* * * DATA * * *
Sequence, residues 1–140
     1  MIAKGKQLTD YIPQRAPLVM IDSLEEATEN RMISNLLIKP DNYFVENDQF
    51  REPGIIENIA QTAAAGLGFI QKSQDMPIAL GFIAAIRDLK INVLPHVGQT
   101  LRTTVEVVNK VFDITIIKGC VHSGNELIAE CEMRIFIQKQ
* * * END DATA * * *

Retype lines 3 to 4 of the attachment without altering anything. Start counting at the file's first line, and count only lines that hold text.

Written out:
    51  REPGIIENIA QTAAAGLGFI QKSQDMPIAL GFIAAIRDLK INVLPHVGQT
   101  LRTTVEVVNK VFDITIIKGC VHSGNELIAE CEMRIFIQKQ